Workers have the right to make ‘protected disclosures’ without being dismissed or subjected to a detriment. However, you might still be worried about the consequences for you, your employer and your career. Having the support of the specialist team of employment solicitors at Anderton Law can be invaluable at such times.

What Is Whistleblowing?

Whistleblowing is the term used when a worker reports information about improper practice or wrongdoing. This is referred to as 'blowing the whistle', or more formally ‘making a disclosure in the public interest’.

Who Is Protected?

  • Employees (working under a contract of employment)
  • Workers (those who work or worked under a contract of employment or any other contract where they undertake to do or perform personally any work or services for another party who is are not a client or customer of any business carried on by the worker)

The categories of workers that are protected is broad, they include freelancers, members of limited liability partnerships and agency workers.

What Is a Protected Disclosure?

You will qualify for protection if you have a ‘reasonable belief’ that a wrongdoing has occurred. You are protected if you report any of the following:

  • a criminal offence
  • a danger to someone’s health and safety
  • a miscarriage of justice
  • a risk of or actual damage to the environment
  • a deliberate concealment of wrongdoing
  • a company is breaking the law.

Public Interest Test:

Whether or not the disclosure is considered by the tribunal to be in the public interest is based on the following factors: 

  • The number of individuals whose interests the disclosure served;
  • The nature of the wrongdoing disclosed – if something is deliberately wrong this is more likely to meet the public interest disclosure than if it was done with a benign motive;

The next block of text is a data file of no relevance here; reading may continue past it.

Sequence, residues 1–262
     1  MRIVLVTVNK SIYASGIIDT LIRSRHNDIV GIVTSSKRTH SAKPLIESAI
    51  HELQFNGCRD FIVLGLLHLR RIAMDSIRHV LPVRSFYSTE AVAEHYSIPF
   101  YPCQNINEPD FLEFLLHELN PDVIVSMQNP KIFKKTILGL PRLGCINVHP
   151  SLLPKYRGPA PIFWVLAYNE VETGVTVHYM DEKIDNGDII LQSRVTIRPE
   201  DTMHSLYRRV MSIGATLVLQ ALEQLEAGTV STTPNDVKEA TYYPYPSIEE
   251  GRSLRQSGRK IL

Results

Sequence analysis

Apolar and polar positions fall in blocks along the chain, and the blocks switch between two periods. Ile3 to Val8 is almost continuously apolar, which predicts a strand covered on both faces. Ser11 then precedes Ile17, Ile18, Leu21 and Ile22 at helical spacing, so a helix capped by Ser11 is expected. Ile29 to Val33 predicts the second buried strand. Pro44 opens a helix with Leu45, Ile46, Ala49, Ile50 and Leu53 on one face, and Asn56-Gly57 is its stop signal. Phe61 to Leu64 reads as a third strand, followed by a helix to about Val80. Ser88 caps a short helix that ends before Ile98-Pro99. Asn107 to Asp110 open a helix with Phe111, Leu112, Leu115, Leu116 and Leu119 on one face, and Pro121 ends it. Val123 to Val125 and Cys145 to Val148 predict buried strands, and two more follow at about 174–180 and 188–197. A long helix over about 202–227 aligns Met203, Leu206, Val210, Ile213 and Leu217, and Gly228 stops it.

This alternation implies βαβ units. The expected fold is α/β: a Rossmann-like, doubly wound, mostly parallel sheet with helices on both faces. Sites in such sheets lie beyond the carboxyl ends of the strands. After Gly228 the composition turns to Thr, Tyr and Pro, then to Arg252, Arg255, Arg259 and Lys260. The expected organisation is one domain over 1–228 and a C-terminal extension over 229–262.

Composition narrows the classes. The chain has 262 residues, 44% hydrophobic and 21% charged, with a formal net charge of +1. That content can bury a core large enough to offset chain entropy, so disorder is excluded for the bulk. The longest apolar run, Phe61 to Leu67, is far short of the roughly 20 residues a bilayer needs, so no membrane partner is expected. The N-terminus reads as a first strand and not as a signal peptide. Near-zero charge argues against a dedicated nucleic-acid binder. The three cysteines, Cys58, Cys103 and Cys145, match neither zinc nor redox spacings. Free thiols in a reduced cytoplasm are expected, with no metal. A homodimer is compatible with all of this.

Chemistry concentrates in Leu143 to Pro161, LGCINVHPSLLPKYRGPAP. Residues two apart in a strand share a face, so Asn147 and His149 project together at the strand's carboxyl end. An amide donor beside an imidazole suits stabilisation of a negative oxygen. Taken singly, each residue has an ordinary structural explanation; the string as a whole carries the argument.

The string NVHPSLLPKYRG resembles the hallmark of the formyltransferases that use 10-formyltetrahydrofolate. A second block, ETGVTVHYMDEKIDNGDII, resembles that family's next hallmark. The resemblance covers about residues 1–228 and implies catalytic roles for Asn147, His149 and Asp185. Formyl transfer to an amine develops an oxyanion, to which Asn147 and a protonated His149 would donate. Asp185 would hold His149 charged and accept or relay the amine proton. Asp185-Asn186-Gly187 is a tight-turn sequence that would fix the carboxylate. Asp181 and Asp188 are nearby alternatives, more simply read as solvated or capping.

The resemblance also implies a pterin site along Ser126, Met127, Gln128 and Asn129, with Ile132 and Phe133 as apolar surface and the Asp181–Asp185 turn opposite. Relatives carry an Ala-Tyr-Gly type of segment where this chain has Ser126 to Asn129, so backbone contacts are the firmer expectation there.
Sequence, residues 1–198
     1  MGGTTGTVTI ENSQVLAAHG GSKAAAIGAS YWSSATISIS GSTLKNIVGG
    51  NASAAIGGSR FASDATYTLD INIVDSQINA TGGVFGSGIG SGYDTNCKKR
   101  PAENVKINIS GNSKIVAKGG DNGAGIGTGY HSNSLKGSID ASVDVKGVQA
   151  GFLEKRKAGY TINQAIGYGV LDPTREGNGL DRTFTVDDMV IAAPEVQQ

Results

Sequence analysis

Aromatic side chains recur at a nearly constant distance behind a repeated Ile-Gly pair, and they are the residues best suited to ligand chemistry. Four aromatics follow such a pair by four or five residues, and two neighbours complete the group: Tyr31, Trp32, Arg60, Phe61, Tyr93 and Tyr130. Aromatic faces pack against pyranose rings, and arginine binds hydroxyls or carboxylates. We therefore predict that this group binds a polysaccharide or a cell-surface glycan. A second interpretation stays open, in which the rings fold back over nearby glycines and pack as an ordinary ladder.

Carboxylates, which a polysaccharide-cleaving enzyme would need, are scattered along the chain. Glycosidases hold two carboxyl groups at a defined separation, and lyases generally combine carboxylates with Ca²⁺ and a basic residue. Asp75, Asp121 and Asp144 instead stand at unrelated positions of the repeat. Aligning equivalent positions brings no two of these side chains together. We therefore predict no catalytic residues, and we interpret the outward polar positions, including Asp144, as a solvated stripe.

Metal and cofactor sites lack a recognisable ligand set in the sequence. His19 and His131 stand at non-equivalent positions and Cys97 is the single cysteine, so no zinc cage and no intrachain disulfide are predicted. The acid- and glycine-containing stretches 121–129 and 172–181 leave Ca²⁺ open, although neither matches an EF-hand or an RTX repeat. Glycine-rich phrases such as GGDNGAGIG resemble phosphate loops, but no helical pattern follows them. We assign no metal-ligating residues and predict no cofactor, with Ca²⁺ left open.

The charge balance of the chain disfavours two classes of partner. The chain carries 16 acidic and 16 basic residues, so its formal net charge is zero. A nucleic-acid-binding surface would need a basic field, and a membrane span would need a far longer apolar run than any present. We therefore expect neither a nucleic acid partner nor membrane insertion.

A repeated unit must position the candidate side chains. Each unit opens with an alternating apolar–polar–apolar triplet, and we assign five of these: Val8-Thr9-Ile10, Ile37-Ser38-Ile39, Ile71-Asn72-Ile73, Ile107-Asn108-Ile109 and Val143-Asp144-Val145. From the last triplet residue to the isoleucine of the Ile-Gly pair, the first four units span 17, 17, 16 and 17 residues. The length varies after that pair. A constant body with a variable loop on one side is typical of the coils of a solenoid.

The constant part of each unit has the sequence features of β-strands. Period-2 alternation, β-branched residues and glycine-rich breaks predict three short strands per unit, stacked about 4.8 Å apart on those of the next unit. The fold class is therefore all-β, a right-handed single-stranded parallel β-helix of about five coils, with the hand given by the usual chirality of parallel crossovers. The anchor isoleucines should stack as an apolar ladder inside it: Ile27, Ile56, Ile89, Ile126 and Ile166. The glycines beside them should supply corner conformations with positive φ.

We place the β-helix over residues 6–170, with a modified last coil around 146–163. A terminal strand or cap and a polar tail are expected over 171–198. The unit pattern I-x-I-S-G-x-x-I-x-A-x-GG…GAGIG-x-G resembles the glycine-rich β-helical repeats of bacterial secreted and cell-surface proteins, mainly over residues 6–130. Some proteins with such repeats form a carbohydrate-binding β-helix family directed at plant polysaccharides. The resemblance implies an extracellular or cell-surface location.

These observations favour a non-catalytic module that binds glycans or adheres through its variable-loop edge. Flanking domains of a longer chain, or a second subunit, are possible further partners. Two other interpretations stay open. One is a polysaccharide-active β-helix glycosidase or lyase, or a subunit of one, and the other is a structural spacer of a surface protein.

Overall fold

• The nature of the interests affected and the extent to which they were affected by the wrongdoing;
  • The alleged identity of the wrongdoer;
  • Larger organisations will be expected to be more stringent when dealing with whistle-blowing;
  • The individual who is making the protected disclosure has to have a reasonable belief that their complaint is in the public interest however a degree of flexibility over this and it need not be the only predominant reason in the whistle-blower’s mind as to why they are making the complaint.

Whistle-Blowing Dismissal

Workers and employees are protected from dismissal if they make a protected disclosure.  There is no length of service requirement. 

Example: If a worker complained of a serious breach of Health & Safety that was in the public interest on the first day of their employment and they were dismissed because of it, they would be able to bring an automatically unfair whistle-blowing claim.

Whistle-Blowing Detriment

This is a separate right, independent of the right not to be unfairly dismissed.

If a worker is subjected to any detriment whatsoever because they made a protected disclosure then they can claim that they have suffered a detriment.

It is possible to claim injury to feelings for any hurt and emotional suffering that the worker has endured as a result of the wrongdoing. 

Example: If an employee makes a whistle-blowing complaint and then suffers a long campaign of bullying or harassment that leads them to suffer stress, it is possible to claim injury to feelings in accordance with the Vento Guidelines.

Contact Our Whistleblowing Lawyers

It is highly recommended that you seek early advice if you believe you have a whistleblowing claim. Speak to one of our whistleblowing solicitors today by calling 0151 541 7766 or complete our online enquiry form

Do you need help? Request a free consultation now.

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Mark Sellek
Solicitor View Mark's Profile

"Absolutely great experience. Very helpful, professional and always contactable. I was always kept updated about my case and it was sorted very quickly. I would highly recommend!"

D Kot

 

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